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Science: Health: Pills
Yum Cha/Dim Sum Pharmaceutical   (+3, -1)  [vote for, against]
A cordial environment for the administration of pharmaceuticals en masse.

If you've ever had a very ill, elderly relative to take care of after some form of heart failure, you will know that this means a lot of boring depressing visits to the doctor who will listen to complaints, and robotically assign certain medications to address each one.

One relative of mine pops between fifty and sixty pills daily (no exaggeration.) To get to this stage is a family effort. We drive him to various specialists, sit in grey waiting areas, read circa seventies home beautiful magazines intersperced with the occasional annoying Watchtower publication, and listen to the wheesing of the other elderly people and their busy relatives. When it is our turn the doctor greets us with the shallow, mock enthusiasm of a management guru and begins taking complaints. We leave with a twelve volume prescription and bug the chemist for half an hour or so. The ordeal is quite daunting and if laughter, convivial times and all things nice are the best medicine, then this system is downright unhealthy.

So I propose a Yum Cha system of pharmaceutical administration. Yum Cha, for those not in the know, is a Chinese dining experience where small quantities of food are pushed around on trollies and brought to your table. The waiterperson offers you the food by (in my experience,) whispering it's name and if you accept, a small card is stamped outlining what you have consumed. You pay as you leave. This creates a cordial and convivial atmosphere among friends. Everybody's happy at Yum Cha.

How about converting this dining style to a pharmaceutical distribution system which goes something like this: Waiterpersons push trolleys laiden with pills which treat a certain ailment. They side up to your table and whisper their assigned malfunction ("low blood pressure?") and the patient, sorry, patron can accept or decline, Yum Cha style!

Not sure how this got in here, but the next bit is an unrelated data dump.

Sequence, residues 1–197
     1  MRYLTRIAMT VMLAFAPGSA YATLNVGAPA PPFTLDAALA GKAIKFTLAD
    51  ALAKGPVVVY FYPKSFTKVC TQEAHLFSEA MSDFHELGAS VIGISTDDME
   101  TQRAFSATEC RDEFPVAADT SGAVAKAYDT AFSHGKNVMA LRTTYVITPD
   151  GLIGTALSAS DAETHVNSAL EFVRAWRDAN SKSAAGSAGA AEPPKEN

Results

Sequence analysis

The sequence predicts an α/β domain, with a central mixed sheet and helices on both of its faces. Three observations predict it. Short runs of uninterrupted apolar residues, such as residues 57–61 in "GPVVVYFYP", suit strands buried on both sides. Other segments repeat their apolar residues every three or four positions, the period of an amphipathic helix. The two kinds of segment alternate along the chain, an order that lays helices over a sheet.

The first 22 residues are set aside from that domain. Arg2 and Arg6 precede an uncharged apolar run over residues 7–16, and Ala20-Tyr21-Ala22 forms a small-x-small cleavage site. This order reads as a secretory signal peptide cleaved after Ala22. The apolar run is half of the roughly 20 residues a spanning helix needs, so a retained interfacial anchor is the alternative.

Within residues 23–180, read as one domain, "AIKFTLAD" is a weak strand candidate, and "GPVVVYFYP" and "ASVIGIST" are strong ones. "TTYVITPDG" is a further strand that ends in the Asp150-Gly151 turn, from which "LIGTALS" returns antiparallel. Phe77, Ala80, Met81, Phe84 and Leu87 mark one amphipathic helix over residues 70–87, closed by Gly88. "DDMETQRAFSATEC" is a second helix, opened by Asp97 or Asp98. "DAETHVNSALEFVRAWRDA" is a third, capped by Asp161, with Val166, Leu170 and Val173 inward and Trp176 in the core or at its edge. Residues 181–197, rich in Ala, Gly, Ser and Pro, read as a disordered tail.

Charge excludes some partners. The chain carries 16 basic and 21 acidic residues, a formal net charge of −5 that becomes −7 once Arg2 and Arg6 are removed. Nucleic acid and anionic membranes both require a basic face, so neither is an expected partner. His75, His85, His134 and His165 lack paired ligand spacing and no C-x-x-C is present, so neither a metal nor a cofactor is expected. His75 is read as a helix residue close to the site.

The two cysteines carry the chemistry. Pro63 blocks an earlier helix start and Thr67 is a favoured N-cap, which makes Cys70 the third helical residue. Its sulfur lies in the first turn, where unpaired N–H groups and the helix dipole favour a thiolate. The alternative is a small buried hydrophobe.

Being among friends and family in a calm eastern influenced environment would detract from the dullness of GP and hospital visits and add to the quality of a patients life.
-- sdm, Aug 18 2001

Yum Cha vs. Dim Sum
Yum Cha is the dining experience, Dim Sum is the food eaten at the Yum Cha. [PotatoStew, Aug 18 2001, last modified Oct 04 2004]

Oh but of course. That goes without saying.
-- sdm, Aug 18 2001

Very nice. Our GP has recently introduced elements of feng shui to her entire office. The effect is a remarkable change for the better.
-- The Military, Aug 18 2001

I know the trolley thing as "Dim Sum". What's the difference between Dim Sum and Yum Cha?
[Ah. Thanks for the link, PotatoStew.]
-- jutta, Aug 18 2001, last modified Aug 21 2001

I thought a Dim Sum was a seperate delectible treat. Or is that a dim sim? If somebody who isn't as culturally unaware as myself could answer this question I'll change the name of this idea to suit.
-- sdm, Aug 19 2001

Yes, which narcotics are on special today? Ok, um, I'll have a pork bun and a plate of morphine tablets, please. And some tea. Thanks.
-- snarfyguy, Aug 20 2001

::: applause :::
-- sdm, Aug 21 2001

Sounds good, but what about injectable medications? Do the nurses stop the carts, swab an arm, and inject the medicine on the spot, or does that still have to be take-out?

But if there's sticky rice and clams in black bean sauce, I'm there.
-- Redbird, Aug 21 2001

Redbird: Like any good Do-Dim-Den, the patrons would receive only the minimum required for their satisfaction--the rest is do-it-yourself.

An aside: the best local oriental restaurant has taken to serving crawfish and mini-wienies rolled in dough because, in spite of its uptown cachet, we live in what amounts culturally to an enormous trailer park here.
-- reensure, Aug 21 2001

Mephista: If there are only three great pleasures to be had on this earth, then you are omitting either sex, drugs or rock 'n' roll.

Actually, I don't believe I *ever* had Chinese food at all until I went to Hong Kong (and the PRC later on), which turned me around in many ways. Unfortunately, when I got back to New York, I found that the Chinese food here is not nearly as good as it is in China.

If any NYC halfbakers have Chinese food suggestions, I would be grateful to know them.
-- snarfyguy, Aug 22 2001

random, halfbakery